Morgan Guerin, the son of World-renowned bassist Roland Guerin, is that child prodigy who brings music forth from the source in any way he chooses. Growing up in the New Orleans area, his unique access and talent led him to sit in with Ellis Marsalis and The Astral Project as early as four years of age. He met Darren Hoffman when he was just six, sharing his drum skills with his elder.
Parker McAllister grew up studying classical piano on his mother’s insistence, also starting as a toddler, attending Manhattan School of Music while still in high school. As he fell in love with the bass, he kept his deal with his mother as long as he could, which meant he could play the bass as long as he continued to study piano. The only electric bass player admitted to the New England Conservatory of Music, Parker found opportunities right away, and soon was performing as a bassist with the renowned all female gospel a cappella group Sweet Honey In The Rock.
Darren Hoffman’s search for expression through sound is the driving force behind gorgeous!. That sound is raw, with a constant rock and blues edge on the guitar as the players bring all of their jazz inspired experimentation to create a landscape effect. The trio format demands honesty and muscle, as there is no extravagant arrangement to hide behind.
gorgeous! sounds like a post-punk jazz trio infused with the spirits of Albert King and Kurt Cobain. The album is titled “imperfection,” a nod to the true spirit of searching for the root of the human condition. Deep blues grooves give way to elements of laid back back-room swing, setting a mood that we all can feel. “imperfection” is a refreshing and courageous form of connection between historic sound and in the moment creativity.
Day turns to night as Mark de Clive-Lowe’s Heritage II takes us from the meditative zen of Heritage into a world of jazz and Japanese roots culture fused with hip hop, drum’n’bass and broken-beat.
‘Heritage is a legacy we receive from our ancestors to pass on to future generations. It’s the thread that holds us together in lineage and cultural identity,’ posits jazz and electronic music pioneer Mark de Clive-Lowe. The half-Japanese half-New Zealander presents his new album Heritage II - the partner and second installment to his critically acclaimed album Heritage, a deeply personal exploration of his Japanese cultural and ancestral roots.
“Heritage is what gives our relatively short lives context and meaning in the bigger picture of generations past and future. We are the new ancestors, and with that in mind, it’s important that we act - and contribute - accordingly. This is my identity search and journey to better understand where I’ve come from, what ancestry means to me and where I’m going to. ”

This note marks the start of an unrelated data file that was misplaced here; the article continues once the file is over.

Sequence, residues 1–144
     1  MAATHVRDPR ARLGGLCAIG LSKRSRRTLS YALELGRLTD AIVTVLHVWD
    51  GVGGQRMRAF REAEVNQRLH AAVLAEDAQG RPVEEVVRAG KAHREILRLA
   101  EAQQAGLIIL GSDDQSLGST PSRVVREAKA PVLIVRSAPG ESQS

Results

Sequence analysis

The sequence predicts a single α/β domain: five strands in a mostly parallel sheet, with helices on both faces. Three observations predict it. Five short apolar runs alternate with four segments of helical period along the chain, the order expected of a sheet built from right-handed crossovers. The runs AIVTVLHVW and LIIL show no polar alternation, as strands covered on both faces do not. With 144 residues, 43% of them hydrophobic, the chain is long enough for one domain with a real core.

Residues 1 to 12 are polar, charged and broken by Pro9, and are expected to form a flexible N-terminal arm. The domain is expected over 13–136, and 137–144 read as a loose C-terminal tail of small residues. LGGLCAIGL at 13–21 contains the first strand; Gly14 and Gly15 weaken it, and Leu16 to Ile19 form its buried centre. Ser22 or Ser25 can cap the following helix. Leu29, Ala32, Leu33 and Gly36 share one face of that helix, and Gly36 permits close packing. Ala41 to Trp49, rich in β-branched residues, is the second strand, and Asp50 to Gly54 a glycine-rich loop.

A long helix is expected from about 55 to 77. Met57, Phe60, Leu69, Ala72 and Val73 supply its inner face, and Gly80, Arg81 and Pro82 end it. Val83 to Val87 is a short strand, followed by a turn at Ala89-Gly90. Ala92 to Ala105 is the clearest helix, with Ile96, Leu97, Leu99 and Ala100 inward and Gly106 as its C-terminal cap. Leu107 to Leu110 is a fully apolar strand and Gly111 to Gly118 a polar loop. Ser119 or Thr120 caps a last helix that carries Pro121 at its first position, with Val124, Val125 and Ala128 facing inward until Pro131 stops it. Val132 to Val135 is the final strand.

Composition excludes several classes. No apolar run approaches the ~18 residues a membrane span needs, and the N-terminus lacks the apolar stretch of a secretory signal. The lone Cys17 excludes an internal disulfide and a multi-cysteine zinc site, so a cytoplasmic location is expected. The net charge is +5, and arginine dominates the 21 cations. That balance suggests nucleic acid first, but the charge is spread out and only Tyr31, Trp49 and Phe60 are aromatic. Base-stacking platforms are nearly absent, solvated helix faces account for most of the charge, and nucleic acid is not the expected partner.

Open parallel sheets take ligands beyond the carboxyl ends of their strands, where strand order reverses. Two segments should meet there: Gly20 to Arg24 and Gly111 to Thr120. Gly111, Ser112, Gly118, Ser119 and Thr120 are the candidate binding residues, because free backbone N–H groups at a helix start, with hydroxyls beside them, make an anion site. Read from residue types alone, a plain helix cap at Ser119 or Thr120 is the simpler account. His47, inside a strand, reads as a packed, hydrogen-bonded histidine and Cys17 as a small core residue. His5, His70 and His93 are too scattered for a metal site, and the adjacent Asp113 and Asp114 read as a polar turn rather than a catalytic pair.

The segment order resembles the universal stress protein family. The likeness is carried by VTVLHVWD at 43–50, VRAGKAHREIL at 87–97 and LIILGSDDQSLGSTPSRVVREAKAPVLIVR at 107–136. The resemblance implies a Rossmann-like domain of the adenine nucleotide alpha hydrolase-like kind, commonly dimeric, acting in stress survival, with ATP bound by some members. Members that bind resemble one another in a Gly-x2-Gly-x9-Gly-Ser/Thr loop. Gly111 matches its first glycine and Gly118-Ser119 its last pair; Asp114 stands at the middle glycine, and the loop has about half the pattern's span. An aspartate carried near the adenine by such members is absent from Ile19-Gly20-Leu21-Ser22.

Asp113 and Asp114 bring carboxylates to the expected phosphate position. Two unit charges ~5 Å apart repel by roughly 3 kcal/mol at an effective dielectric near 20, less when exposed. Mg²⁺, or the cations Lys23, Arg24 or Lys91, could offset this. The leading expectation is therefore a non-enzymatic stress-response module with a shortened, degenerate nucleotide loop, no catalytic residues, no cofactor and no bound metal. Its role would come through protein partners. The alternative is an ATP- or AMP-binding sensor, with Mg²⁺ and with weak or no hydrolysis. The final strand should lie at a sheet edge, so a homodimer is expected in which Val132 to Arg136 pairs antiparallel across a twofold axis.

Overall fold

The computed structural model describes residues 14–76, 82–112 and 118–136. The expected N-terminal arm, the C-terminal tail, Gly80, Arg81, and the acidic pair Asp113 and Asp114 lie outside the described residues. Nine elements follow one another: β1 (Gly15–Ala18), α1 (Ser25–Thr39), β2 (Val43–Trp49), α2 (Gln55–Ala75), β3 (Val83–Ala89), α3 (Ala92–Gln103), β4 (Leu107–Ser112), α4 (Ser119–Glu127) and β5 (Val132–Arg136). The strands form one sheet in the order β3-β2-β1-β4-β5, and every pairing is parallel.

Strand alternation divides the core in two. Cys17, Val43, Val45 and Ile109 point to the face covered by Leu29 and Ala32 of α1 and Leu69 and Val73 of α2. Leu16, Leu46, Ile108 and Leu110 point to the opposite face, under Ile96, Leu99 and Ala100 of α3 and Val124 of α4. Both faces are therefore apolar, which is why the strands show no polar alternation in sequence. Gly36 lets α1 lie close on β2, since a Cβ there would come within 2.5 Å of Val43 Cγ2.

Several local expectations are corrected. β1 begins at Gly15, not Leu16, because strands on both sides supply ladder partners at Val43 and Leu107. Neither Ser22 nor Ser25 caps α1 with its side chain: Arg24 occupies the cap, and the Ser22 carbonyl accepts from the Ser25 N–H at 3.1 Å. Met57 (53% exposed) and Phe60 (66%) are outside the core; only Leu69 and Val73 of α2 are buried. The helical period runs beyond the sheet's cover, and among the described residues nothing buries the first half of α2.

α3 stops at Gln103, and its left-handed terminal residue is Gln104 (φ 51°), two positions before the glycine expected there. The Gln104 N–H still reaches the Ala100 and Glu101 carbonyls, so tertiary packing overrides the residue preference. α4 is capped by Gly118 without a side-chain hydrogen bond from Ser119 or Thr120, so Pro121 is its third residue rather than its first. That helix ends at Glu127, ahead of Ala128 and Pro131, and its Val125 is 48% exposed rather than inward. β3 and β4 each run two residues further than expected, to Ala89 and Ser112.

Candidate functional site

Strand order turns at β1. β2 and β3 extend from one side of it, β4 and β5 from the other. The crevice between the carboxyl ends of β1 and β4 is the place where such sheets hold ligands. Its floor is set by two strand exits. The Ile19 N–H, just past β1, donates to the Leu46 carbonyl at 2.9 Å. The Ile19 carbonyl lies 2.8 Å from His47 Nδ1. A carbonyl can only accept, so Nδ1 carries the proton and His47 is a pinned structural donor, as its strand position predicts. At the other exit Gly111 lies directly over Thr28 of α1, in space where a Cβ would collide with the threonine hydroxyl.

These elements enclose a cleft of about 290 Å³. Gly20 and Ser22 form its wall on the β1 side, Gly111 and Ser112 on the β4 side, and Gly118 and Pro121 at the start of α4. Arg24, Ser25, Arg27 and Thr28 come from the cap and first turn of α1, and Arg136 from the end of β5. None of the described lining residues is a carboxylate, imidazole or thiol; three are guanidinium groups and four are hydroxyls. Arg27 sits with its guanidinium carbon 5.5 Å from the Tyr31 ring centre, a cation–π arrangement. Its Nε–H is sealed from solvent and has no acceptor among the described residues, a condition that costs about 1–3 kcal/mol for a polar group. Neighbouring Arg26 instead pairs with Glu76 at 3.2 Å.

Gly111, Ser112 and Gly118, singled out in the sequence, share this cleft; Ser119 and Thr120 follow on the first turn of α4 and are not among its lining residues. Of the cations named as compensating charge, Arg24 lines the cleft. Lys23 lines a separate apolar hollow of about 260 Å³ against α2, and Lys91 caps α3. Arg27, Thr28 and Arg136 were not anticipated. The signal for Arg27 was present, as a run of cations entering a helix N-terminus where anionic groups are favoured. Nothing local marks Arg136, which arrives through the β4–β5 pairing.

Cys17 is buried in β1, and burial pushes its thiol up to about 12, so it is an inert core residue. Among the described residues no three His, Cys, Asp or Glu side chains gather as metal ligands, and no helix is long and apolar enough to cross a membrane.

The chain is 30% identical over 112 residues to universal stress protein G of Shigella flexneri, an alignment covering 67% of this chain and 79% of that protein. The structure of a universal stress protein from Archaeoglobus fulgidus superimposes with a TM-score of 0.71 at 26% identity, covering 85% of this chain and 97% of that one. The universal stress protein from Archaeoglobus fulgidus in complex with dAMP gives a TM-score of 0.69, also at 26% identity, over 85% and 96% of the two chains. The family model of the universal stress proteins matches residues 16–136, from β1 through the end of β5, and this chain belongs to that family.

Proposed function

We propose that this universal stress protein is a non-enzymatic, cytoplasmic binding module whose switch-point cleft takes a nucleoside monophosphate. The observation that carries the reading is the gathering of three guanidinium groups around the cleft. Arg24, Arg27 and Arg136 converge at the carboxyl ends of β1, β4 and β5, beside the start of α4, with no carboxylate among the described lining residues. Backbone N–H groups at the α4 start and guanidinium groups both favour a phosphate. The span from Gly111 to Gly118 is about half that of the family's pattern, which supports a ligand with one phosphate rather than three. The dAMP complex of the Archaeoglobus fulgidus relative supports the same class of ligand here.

On Heritage II, de Clive-Lowe is joined by a cast of world-class musicians: Josh Johnson, Teodross Avery, Brandon Eugene Owens, Brandon Combs, Carlos Niño, and Tylana Enomoto - who all contribute stellar performances in support of de Clive-Lowe’s music.
‘These are not only my favorite musicians, but my friends, and that they were all able to be part of this project really means a lot to me. They’re all such incredible musicians, and no one brings any ego to the table - that’s one key thing that makes it possible to explore this music with a real sense of vulnerability and honesty.’
Heritage II is the partner album to Heritage. The album’s original artwork by Tokio Aoyama depicts Bon Odori - a summer festival dance under the night-time sky - surreally all happening inside de Clive-Lowe’s grand piano. Heritage II is available for preorder tomorrow, Friday March 1.
Since the their formation in 2011, the BT ALC Big Band, led by trombonist Brian Thomas and trumpeter Alex Lee-Clark, has gained a reputation for hard grooving original compositions featuring the most talented jazz and funk musicians in Boston. The BT ALC Big Band draws from the big band traditions of Duke Ellington, Count Basie, and Thad Jones and infuses music from funk legends like James Brown, Parliament Funkadelic, and The Meters, creating an undeniably unique sound, Big Band Funk.
We’ve seen Brian in the mix with Ropeadope alum Otis Grove and Akashic Record, and now we are stoked to welcome the BT ALC Big Band with their new release The Search For Peace, due out here on May 17th. Stay tuned for some selections coming out as singles so y’all can get a little taste of Big Band Funk.
Quite well known as a baritone in Germany, performing with the Deutsche Oper Berlin with roles in La Boheme and Turandot, among others. His presence, whether performing or in casual conversation, intimate a powerful soul with calm and compassion in a chaotic world. Nathan De’Shon Myers has something to reveal to us all. Part of the flourishing Dallas music community, Myers spent time as faculty at the venerable Booker T. Washington school, and now is taking the time to focus on his music. His debut album will be arriving this year from RSVP Records, and while we anxiously await the full offering, we are graced with the first single. I Wish You Would is a reflection on life today, with a steady and soothing groove, and a call to action for all of us to rise to the challenges. To unite rather than divide, to transcend. Friday February 23 is the date, tune in here for first listen.